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IM may expand permits for growing pot

IRON MOUNTAIN — With applications for recreational marijuana businesses due Dec. 23, the city is prepared to expand the number of growing facilities allowed but will continue to limit the number of retail shops to two.

Iron Mountain City Council agreed Monday to consider an ordinance amendment that will allow up to five licenses each for growing and processing — the same number permitted under a change made last month in its medical marijuana licensing. The amendment will have a reading before the council Dec. 16 and may then be scheduled for a public hearing and possible adoption Jan. 6.

Although no applications have been received yet for recreational marijuana facilities, the two downstate businesses that were granted provisional licenses for medical growing, processing and dispensing are expected to file before the Dec. 23 deadline, City Manager Jordan Stanchina said.

The medical permits are held by Macomb-based RIZE, which has promised a $5 million facility and 60 to 90 jobs, and Attitude Wellness of Evart, which plans a $2.18 million investment and 20 jobs.

In addition to meeting local requirements, marijuana businesses must be vetted and licensed through the state.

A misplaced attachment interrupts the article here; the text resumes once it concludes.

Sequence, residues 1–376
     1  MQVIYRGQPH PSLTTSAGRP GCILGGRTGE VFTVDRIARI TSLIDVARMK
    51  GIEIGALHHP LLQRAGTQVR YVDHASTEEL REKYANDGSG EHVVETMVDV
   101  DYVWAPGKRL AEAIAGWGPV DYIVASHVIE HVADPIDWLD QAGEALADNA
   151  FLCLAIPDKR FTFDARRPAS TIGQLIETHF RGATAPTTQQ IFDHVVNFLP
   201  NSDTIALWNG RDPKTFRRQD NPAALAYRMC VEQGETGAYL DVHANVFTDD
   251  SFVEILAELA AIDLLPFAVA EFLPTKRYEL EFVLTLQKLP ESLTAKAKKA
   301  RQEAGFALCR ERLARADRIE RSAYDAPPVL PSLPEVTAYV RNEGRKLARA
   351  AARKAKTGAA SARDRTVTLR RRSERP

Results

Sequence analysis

Michigan’s Marijuana Regulatory Agency began receiving applications for adult recreational use facilities Nov. 1 and Sunday was the first day for retail sales. According to mlive.com, there are currently eight licensed recreational marijuana businesses, all downstate.

In its medical marijuana application, RIZE proposed a facility for processing, growing and sales at a now-vacant building at 1580 N. Stephenson Ave., about a quarter-mile south of Industrial Drive and North Lake Antoine Road. Attitude Wellness plans a growing and processing facility on the west side of Hydraulic Falls Road between Stephenson Avenue and Breitung Cutoff Road. Its retail shop will be at 117 and 119 S. Stephenson Ave., just south of East Fleshiem Street, where structures are to be rehabilitated.

The expansion of licenses for medical growing and processing accommodates facilities planned by local investors on the 100 block of East Smith Street and on the 1500 and 1800 blocks of North Stephenson Avenue.

Corey Formolo of Florence, Wis., and Brad Butler of Niagara, Wis., both representing local interests, asked the council Monday to signal whether the recreational marijuana ordinance will be amended in the same way.

“We’re not sure what your intent is,” Formolo said.

The council, after some discussion, agreed to consider a change in the recreational ordinance to mirror the revised medical licensing, but made clear there will be no expansion at this time in the number of dispensaries.

“If you don’t apply, you don’t get on the wait list,” Stanchina added.

Recreational facility applicants will be scored by the city under an 85-point rubric that emphasizes the ability to operate, total investment and neighborhood and economic impact. It will likely favor the same downstate applicants who were successful in gaining medical marijuana licenses.

Iron Mountain’s medical marijuana ordinance allows five individual growers to have up to 4,500 plants each, or a city-wide maximum of 22,500 plants. Growers without permits for retail sales are limited to state-regulated wholesale distribution to licensed dispensaries, Mayor Dale Alessandrini noted.

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